The CNY has also contributed to positive returns year to date, which is unusual in the context of the USD rally seen in 2021. Some support for the currency would have come from the favourable flow story of Chinese bonds. Data from the Institute of International Finance suggests that just over 50% of the $200 billion of foreign investment flows into EM debt seen so far in 2021 have moved into Chinese bonds.6 Overseas investment is expected to continue with the expansion of the FTSE World Government Bond Index (WGBI), which is set to include China from October 2021.
How to Play this Theme
Theme 3: US Investment Grade Credit - Barbelling Risk to Add Durability
The first two investment themes revolve around staying invested in high yield and EM debt. Both strategies offer yields well in excess of those from government bonds, which provides investors with some protection. However, both could be vulnerable if the broader market goes risk-off, pushing equities lower. This is not a central view: State Street Global Advisors expects firm economic growth into 2022 to support risk appetite. Nonetheless, there are several reasons for fixed income investors to be cautious:
As a consequence, we like to balance these higher risk strategies with US investment grade (IG) exposure. IG spreads to government bonds are historically tight at around 80bp.7 Even though spreads can be expected to widen if economic indicators start to slow in a more meaningful way, the additional duration of the IG exposure should ensure positive returns as underlying bond yields decline.
The risk is clearly that high inflation prompts central banks to exit policy stimulus more rapidly. However, using the example of the Fed’s actions in 2014 (the only real example of a taper that we have), it is clear that investors would have received higher returns from being invested in IG credit than in Treasuries.
Figure 3 shows total returns from the Bloomberg US Corporate Bond Index and the Bloomberg US Treasury Index during and around the 2014 taper. While there was a little more volatility from the IG credit index in the run-up to the Fed taper, once the process got underway, returns from IG were considerably higher than for Treasuries. Some of this performance was the result of the longer duration of IG credit but this was limited given the yield to worst on the Treasury index fell by less than 10bp during the taper. The stronger performance of IG credit was more about spread compression coupled with the higher coupon on credit versus government bonds than moves in rates.
Figure 3: IG Credit Posted Stronger Total Returns During the 2014 Fed Taper Than US Treasuries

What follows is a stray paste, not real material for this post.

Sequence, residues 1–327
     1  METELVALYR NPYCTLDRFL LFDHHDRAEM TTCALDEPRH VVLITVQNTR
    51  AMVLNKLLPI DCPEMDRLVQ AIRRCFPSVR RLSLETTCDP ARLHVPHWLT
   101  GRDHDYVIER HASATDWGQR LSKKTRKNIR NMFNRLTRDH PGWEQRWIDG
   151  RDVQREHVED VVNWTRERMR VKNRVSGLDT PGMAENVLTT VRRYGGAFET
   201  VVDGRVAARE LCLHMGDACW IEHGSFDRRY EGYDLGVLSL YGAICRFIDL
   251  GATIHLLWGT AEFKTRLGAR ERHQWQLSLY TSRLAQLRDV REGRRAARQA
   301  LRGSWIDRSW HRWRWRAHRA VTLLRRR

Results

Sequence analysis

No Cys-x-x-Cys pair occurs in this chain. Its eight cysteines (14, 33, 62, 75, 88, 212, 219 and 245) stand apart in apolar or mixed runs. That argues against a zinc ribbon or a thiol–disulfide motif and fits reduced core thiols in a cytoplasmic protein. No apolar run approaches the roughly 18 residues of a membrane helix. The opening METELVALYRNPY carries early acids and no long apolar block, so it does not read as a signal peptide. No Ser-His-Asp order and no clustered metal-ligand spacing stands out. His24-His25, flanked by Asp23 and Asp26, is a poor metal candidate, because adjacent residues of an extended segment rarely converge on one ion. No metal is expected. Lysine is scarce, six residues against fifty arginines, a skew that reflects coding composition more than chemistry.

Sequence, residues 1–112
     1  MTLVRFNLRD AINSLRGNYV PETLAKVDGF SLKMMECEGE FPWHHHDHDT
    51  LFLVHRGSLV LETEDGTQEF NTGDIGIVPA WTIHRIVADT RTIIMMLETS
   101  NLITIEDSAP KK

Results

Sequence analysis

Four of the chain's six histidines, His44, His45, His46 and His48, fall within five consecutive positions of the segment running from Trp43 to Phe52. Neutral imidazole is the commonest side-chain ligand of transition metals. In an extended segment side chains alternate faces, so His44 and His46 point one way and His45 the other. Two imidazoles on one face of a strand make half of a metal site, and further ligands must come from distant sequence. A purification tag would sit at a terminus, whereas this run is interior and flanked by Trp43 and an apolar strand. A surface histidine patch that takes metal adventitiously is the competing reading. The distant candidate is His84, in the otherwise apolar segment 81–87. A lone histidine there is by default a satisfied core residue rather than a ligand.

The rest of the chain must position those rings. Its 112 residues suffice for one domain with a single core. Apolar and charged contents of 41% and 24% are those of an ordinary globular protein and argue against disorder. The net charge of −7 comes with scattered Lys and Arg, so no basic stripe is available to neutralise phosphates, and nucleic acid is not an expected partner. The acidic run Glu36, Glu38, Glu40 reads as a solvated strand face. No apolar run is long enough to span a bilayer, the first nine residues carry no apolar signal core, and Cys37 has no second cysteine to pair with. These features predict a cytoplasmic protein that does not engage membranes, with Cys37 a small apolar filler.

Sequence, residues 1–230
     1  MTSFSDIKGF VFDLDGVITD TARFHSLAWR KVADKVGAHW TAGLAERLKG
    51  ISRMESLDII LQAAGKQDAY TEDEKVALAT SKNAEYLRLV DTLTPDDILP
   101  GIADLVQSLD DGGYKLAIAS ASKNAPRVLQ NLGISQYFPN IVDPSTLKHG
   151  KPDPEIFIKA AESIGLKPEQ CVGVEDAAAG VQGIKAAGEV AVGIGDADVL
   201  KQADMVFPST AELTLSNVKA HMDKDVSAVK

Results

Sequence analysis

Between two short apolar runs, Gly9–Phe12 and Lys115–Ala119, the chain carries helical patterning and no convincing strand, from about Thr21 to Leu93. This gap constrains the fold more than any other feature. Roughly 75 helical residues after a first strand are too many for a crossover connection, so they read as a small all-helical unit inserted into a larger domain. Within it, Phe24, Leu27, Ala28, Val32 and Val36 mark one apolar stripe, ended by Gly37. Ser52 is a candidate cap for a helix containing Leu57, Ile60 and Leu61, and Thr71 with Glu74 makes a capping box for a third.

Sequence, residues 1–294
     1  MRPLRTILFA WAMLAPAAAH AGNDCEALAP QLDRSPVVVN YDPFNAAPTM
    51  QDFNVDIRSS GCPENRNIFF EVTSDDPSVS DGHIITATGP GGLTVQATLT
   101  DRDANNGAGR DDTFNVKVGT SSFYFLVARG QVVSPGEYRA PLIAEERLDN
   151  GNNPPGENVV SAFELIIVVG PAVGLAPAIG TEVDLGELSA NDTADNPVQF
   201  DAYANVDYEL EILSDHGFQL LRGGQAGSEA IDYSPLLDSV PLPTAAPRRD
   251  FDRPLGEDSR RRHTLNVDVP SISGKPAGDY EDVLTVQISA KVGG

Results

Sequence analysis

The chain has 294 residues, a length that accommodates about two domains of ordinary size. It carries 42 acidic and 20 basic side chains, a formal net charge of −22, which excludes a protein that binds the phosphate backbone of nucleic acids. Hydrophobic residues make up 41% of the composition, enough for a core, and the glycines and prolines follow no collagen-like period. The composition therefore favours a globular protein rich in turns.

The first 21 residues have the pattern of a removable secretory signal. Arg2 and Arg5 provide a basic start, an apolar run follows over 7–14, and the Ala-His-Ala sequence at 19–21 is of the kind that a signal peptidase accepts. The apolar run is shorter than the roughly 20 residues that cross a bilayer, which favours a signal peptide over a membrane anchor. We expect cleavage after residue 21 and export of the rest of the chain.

An additional layer of defence can come from incorporating ESG into your portfolio. This is becoming an increasingly popular approach with investors. One key reason is the potentially higher degree of stability provided by ESG strategies, as discussed in US Investment Grade Credit: Stability Through ESG. This note illustrated that the Bloomberg SASB ESG US Corporate Ex Controversies Select Index performed better during the peak of the COVID Crisis than the standard Bloomberg US Corporate Index. Our analysis highlighted the benefits of ESG screening for index stability and longer-term index performance versus the traditional market weighted index. So there are grounds to believe that ESG integration could help dampen volatility around the start of the Fed’s taper.
We have focused on US IG strategies given the yield that they provide, with a pick-up of over 180bp versus a similar European IG corporate strategy.9 While the carry will be appealing, currency risks cannot be ignored, not least given the recent appreciation of the USD. As such, for euro-based investors, it may be worth considering a EUR-hedged strategy to remove the drag on performance if the USD does start to weaken.
How to Play this Theme
Past performance is not a reliable indicator of future performance.
1Source: Bloomberg Finance L.P., as of 30 September 2021
2 Source: Bloomberg Finance L.P., as of 30 September 2021. The Bloomberg US High Yield Index has an option-adjusted spread to Treasuries of 287bp versus lows of 235bp in May 2007 based on monthly data.
3 Source: Bloomberg Finance L.P. All yield levels and spreads at 30 September 2021.
4 The EM Local Currency 0-2 year bond curve slope remains around its steepest since September 2018 if local market curves are weighted according to their exposure in the Bloomberg Emerging Markets Local Currency Liquid Index.
5 Source: Bloomberg Finance L.P., as of 30 September 2021
6 Source: Institute of International Finance for year-to-date end August 2021
7 Source: Bloomberg Finance L.P. The option-adjusted spread on the Bloomberg SASB US Corporate ESG Ex-Controversies Select Index was 80bp as at 30 September 2021.
8 Returns taken between the Fed’s taper announcement Dec 2013 and the end of asset purchases 31 October 2021 were 6.2% for the Bloomberg US Corporate Bond Index and 3.7% for the Bloomberg US Treasury Index.
9 Source: Bloomberg Finance L.P. The spread between the Bloomberg SASB US Corporate ESG Ex Controversies Select index and the Bloomberg SASB EUR Corporate ESG Ex Controversies Select Index was 183bp at September month-end.
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EXP: 31 January 2022